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Startup risks

Reading this article earlier today spurred me to write down my thoughts about startup risk.

One of the questions in the TSB grants application is about risk. In that question, TSB (a UK government funding body aimed at technologically risky projects) like to see a variety of risks covering the business's key risk areas.

In my opinion, it's largely a filler question. You can't win or lose the application based on this one only. Part of this is because every business has multiple risks in many areas. Having written quite a number of applications over the last year, I have developed the skill of coming up with a wide variety of risks to list, describe, rate and mitigate, for almost any technological business. It's not very hard, because almost every new business is full of risks, and technology businesses doubly so.

In short, it's become a personal habit (if it wasn't already), given a proposed business, to be able to identify the most interesting and relevant risks and how they can be mitigated.

However, inexperienced founders seem to take one of two views.

The first one is to believe that their business isn't risky. They have the great idea and put together a team that can build it (those were the difficult part). The rest is just execution. If you push them, these types of founders might agree that there are some risks in execution (after all, building products and shipping them to customers is not so easy), but they feel that everything else is fairly well understood. Don't laugh at them - you were probably one of them some time ago, maybe you still are. I was in this category for my first two startups.

The second type is aware that there are risks, but lumps them all together as one big "startups are hard" risk. They embrace the risk and see it as a badge of honour that they're doing something immensely risky and which is clearly impossible to make less risky because that's the way startups are, and if you can't take it you're clearly not cut out for this great work, so go back to your day job. I'm being slightly mean here, but that's the general idea.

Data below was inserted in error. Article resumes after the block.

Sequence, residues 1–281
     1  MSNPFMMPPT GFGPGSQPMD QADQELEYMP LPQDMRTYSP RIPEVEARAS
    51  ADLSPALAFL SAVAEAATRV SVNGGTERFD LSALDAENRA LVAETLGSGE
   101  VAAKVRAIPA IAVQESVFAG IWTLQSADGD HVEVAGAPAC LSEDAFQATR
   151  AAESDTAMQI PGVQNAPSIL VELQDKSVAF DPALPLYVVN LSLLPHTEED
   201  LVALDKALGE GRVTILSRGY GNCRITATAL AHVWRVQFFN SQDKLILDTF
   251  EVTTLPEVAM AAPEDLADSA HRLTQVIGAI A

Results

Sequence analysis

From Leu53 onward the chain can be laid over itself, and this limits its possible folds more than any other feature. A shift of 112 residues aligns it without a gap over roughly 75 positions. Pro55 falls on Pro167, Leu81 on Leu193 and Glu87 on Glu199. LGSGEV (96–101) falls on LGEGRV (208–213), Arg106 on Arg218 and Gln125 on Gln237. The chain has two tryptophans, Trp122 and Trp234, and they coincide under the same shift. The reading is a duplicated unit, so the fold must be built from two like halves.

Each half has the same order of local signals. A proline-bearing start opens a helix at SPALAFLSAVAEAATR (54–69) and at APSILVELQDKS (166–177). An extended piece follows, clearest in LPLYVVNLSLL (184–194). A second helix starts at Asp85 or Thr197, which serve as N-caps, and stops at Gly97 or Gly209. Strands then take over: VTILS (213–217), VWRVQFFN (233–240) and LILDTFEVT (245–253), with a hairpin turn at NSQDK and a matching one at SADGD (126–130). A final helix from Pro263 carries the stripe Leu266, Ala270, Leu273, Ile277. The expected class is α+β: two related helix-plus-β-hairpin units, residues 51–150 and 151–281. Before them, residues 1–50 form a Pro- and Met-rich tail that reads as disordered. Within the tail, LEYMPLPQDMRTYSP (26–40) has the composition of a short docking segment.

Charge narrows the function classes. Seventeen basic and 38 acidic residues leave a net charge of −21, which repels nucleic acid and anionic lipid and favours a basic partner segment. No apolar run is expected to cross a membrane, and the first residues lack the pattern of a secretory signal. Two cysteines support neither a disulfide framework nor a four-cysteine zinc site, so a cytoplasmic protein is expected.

Both are touchingly naive, of course, and equally wrong.

The experienced view

I am lucky to have a number of friends who are entrepreneurs, as well as a variety of clients, some very experienced and some less so. I am also lucky to be an entrepreneur myself, which gives me direct insight into the progression of my own thinking about risk.

The more experienced an entrepreneur is (and, related to that, the better they are at executing), the more sensitive they seem to be to risk. They are neither naive about risks, nor seeking to embrace risk.

In fact, successful entrepreneurs seem to be keenly aware of risks of all kinds. They abhor them and do their damnedest to mitigate them in every way possible. They will take calculated risks (that's part of doing business) but not before figuring out how to make that risk as unlikely and as painless as possible.